Democracy in India

Owais Ahmad Shah
The subject of democracy is fascinating for scholars and journalists. Reams have been written to unravel the paradox of the country despite so many factors that belie it. The million dollar question of how Indian democracy can scythe its way through troubled times always remains unaddressed.
The kind of challenges India faced in the first two decades after independence would have left any scholar diametrically skeptical about Indian democracy’s success, one such proof positive is “India: The most dangerous decades” written by Selig.S.Harrison in 1960.In it, Harrison warned:”Odds are almost wholly against the survival of freedom….The issue is in fact whether any Indian state can survive at all”. Yet Indian democracy survived, surprising and confounding its critic’s.
The million dollar question of can democracy deliver in the backdrop of what it has promised to the people of India always takes the centre stage.
Democracy might offer the best solution to politics within the system, but how good is it at coping with politics of the system? Does the democratic process, particularly in a post colonial context, have the strategic room to maneuver to reform the political system of which it is a part? What additional resources might India need to repair the ship, while keeping afloat as storm clouds gather on the horizon?
In India, democracy is embraced only as an interest aggregation or accommodation but not as a liberal force that can pace the way for astounding success stories. Such criticism would sumptuously gnaw away at it and ultimately will reduce it to an empty shell.
Democracy is the most cherished and relished ideal of any country. Every citizen of any country has a yearning desire of a free and fair society that allows every individual to have a fair shake of hand in all subjects that form an integral part of this sacred institution. In a country like India, democracy has always been a red-hot subject that takes the centre stage to attain the glory. During the state of fledgling, the state of India saw many theories across. The so-called political masters ,intellectuals held the belief that it was a wild goose chase for a diverse country like India to survive. But this common fallacy was scotched that laid the foundations for a Grand India that not only survived but thrived to regain her past glory.
What led to many astounding success stories of India is her vibrant democracy. The critics of Indian democratic system cannot help conceding the fact that at the seventh decade of India’s independence, India has come a long way.
The stereotyping of Indians as snake-charmers, old fashioned and dyed in the wool traditionalists has been supplanted by Software technocrats, Business tycoons, Top-level professionals at the International level.
India has grown at gallop. Be it self-sufficiency in food production, development, cutting-edge technology, nuclear field, India has attained the feat.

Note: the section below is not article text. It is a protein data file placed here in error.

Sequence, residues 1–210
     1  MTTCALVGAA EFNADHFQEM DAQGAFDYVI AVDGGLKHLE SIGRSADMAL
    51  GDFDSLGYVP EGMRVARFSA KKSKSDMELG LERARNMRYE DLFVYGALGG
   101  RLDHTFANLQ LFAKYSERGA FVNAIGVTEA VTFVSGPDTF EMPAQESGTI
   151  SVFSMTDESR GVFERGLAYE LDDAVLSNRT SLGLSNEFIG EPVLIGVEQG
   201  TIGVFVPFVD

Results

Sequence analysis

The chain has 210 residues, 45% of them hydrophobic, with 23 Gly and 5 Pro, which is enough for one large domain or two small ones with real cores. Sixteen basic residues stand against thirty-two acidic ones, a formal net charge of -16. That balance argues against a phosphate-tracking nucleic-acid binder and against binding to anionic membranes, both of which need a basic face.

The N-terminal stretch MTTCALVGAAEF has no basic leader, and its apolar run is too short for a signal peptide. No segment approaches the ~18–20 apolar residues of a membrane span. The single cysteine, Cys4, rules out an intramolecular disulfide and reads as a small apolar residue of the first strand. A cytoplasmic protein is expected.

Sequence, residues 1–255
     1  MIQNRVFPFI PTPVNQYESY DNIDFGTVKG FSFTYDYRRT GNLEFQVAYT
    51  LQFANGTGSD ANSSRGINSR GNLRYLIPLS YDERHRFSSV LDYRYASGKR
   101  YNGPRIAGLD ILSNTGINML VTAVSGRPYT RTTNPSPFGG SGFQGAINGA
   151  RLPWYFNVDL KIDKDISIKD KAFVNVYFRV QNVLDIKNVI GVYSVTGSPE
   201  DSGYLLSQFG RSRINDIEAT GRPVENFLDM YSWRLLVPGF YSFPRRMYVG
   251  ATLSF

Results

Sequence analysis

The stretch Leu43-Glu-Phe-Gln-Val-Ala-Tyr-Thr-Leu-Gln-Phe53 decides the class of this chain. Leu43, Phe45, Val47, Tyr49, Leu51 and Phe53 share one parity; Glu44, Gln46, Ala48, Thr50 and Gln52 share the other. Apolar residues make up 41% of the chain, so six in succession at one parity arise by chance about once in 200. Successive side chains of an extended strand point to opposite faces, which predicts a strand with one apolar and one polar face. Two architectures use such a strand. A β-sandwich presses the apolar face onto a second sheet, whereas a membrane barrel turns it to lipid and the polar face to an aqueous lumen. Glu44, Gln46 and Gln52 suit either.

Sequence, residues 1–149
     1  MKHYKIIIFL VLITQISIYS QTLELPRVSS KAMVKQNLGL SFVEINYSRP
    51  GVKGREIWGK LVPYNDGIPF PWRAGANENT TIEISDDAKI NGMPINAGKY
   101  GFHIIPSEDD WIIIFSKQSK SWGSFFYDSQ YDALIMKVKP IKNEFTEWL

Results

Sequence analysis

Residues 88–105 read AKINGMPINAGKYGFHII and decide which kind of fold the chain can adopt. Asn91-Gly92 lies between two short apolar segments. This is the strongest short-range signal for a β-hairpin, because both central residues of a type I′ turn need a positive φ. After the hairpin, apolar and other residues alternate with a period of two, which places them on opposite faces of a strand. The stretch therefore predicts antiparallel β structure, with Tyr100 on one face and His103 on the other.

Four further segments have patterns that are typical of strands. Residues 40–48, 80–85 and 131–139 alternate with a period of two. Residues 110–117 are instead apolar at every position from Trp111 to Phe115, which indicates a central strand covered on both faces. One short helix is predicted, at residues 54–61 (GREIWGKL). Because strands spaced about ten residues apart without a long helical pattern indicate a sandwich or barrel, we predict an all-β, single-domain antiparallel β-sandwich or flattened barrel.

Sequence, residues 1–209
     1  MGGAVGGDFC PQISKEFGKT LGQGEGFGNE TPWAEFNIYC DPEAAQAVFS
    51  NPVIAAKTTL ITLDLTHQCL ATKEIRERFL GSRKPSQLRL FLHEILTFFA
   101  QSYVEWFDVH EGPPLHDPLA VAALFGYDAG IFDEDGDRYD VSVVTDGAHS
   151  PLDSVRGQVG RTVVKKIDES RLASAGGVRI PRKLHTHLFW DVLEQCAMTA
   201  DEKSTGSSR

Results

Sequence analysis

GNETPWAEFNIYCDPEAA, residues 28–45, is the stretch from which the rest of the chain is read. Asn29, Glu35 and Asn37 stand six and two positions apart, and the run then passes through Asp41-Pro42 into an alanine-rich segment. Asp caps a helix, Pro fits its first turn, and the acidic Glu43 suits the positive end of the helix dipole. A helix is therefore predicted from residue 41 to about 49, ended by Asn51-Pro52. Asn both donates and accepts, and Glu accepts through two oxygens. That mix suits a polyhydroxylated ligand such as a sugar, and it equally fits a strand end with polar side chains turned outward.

There are two types of optimists who take a hard and a long outlook of the subject of democracy. One type of optimist believes that India is on the course to become one of the greatest and most powerful democracies in the near future.
The other type of optimist carries worry with the system.
The vexed, million-dollar question about the canker that is eating away at the heart of democratic ideals is looming large .Trust of the people in the political system has taken a downfall. The multiple menaces that have crept into the system have set major roadblocks for India to thrive and shine.
Corruption always takes the top seat that contributes to the major setbacks for any country. In the words of Edward Gibbon,” Corruption is the most infallible symptom of the constitutional liberty”. One has to bear it in mind that corruption is universal in nature and not specific to any particular country but the level of public corruption in India has reached gigantic proportions, shaking the foundation’s of liberal democracy. It has spread like a cancer in the entire political system and has cast a long shadow over the entire political system. Laying aside corruption, the recent examples of mob-lynching,Political vendetta, muzzling of independent voices and others also set major challenges for India.
Public accountability, welfare, sustainability and integrity of political class and bureaucracy has sucked into the abysmal conditions. It is not fair enough to condemn the whole political and bureaucratic class. In all fairness, a great number of fine men and women of unquestionable integrity, unfaltering commitment also tower over the horizon. The time is to accept the hard truth rather than trying to brazen it out.
It is a gospel truth that as a result of lopsidedness in the system, the public perception about the political class is at low ebb since independence. Massive scandals have tarnished the reputation of politicians and has corroded people’s faith in democracy. Given these circumstances, one can sum up that.
(The writer is Student at GDC Handwara.)